Our Ms. Brooks: Save The Baby, Drain The Tub
Liberals and conservatives alike suddenly want the government to fix our broken economy by doing something big and fast -- but Congress long ago lost the habit of thinking big and moving fast. Since the Reagan era, prevailing leadership ideologies have encouraged members of Congress to think small, slow and stupid -- to forget about regulating, to forget about governing and occupy themselves instead with trivia: debates about constitutional amendments to ban flag burning, for instance.
So even as many outside economists began to argue that there were dramatically different rescue packages that could be cheaper and better, congressional leaders of both parties seemed unable to do more than tweak the original package.
That's a shame, because this is a time for thinking big.
And in case Congress has forgotten just how to think big, Ms. Brooks hauls up the most pertinent piece of history our country has with respect to economic crisis:
Taking office during the depths of the Depression, FDR didn't just talk, and he didn't just tinker. He launched the New Deal, the ambitious package of relief, reform and recovery programs that most economists credit with helping steer the nation back to prosperity.
FDR wasn't afraid to experiment, and some programs ended up on the scrapheap. But many proved to be crucial investments in America's future. Tighter New Deal-era regulations helped keep our financial system stable for decades. The Federal Deposit Insurance Corp., which guarantees the safety of our deposits when banks fail, was created. So was the Social Security Administration. (And hasn't this week made you glad the GOP didn't succeed in privatizing Social Security?) Programs such as the Civilian Conservation Corps and the Works Progress Administration helped stabilize wages and stimulate employment. They also left us a long-term legacy of roads, dams, parks, schools and electricity grids. ...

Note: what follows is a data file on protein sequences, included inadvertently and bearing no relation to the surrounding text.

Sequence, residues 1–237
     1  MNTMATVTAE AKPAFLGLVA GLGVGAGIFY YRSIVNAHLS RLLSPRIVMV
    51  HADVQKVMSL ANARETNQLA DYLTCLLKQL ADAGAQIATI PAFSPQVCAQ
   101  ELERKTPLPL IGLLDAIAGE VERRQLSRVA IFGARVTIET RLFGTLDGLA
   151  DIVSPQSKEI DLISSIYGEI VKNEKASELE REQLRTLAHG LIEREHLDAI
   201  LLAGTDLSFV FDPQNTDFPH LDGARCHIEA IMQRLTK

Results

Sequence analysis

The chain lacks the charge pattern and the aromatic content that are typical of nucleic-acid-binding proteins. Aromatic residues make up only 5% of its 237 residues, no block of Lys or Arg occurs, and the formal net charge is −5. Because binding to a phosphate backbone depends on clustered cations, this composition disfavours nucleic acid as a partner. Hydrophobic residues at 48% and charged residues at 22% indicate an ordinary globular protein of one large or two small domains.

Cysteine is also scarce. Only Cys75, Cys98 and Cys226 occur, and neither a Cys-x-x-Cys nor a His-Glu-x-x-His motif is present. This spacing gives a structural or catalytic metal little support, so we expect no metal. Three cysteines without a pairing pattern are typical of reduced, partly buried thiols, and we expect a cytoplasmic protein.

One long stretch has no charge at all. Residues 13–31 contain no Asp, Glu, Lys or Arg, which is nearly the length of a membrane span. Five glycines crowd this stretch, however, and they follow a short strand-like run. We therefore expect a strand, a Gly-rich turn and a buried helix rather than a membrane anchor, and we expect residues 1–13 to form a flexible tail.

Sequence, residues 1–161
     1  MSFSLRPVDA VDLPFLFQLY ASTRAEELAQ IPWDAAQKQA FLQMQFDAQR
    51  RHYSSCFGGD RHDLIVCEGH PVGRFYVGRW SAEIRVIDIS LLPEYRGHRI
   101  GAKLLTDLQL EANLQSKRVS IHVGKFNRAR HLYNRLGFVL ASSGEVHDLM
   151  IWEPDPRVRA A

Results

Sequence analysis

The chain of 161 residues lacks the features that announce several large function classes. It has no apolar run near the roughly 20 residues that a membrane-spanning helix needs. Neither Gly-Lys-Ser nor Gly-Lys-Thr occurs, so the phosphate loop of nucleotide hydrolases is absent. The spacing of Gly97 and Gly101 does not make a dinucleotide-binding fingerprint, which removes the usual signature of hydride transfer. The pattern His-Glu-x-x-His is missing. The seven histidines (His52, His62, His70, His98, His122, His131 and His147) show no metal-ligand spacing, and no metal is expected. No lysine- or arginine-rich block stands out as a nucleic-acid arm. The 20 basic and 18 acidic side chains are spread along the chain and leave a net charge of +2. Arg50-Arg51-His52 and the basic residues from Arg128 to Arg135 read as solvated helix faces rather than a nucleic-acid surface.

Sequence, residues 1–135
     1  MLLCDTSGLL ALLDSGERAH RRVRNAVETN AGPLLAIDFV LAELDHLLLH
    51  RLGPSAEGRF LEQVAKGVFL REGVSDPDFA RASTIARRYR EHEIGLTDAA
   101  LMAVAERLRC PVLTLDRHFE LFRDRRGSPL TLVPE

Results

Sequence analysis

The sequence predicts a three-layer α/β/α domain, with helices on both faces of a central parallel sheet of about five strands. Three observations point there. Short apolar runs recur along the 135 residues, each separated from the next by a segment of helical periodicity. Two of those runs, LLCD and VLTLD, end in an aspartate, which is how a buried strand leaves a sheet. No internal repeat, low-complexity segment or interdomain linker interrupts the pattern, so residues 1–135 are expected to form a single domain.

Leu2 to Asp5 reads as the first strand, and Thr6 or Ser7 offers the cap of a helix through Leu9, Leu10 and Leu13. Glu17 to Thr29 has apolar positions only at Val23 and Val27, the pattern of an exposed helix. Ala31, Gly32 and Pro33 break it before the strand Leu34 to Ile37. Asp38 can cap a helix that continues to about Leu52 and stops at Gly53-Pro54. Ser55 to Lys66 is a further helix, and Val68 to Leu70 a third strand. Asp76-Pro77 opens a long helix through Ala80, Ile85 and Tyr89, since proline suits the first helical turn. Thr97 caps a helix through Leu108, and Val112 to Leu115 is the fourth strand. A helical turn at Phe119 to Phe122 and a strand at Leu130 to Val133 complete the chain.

FDR knew what most small-business owners instinctively understand: If you want to make money, sometimes you have to spend money first. Yes, we should cut wasteful government programs -- but this is no time for a spending freeze, as John McCain has proposed. This is a time for renewed public investment in infrastructure, technology and education.
Instead of priming the pump by giving away millions in tax breaks and bailouts to the wealthy in the hopes that they will spend the undeserved largess to the benefit of the less wealthy, the government needs to pump those billions into putting all Americans back to work.
And while doing so, the government should also take a good hard look at those who gamed the system to get us to where we are today. Although I have my own ideas on what to do with those miscreants (I admit to being a vindictive bitch), some punishment should be directed at those who rubberized the paper that caused this meltdown.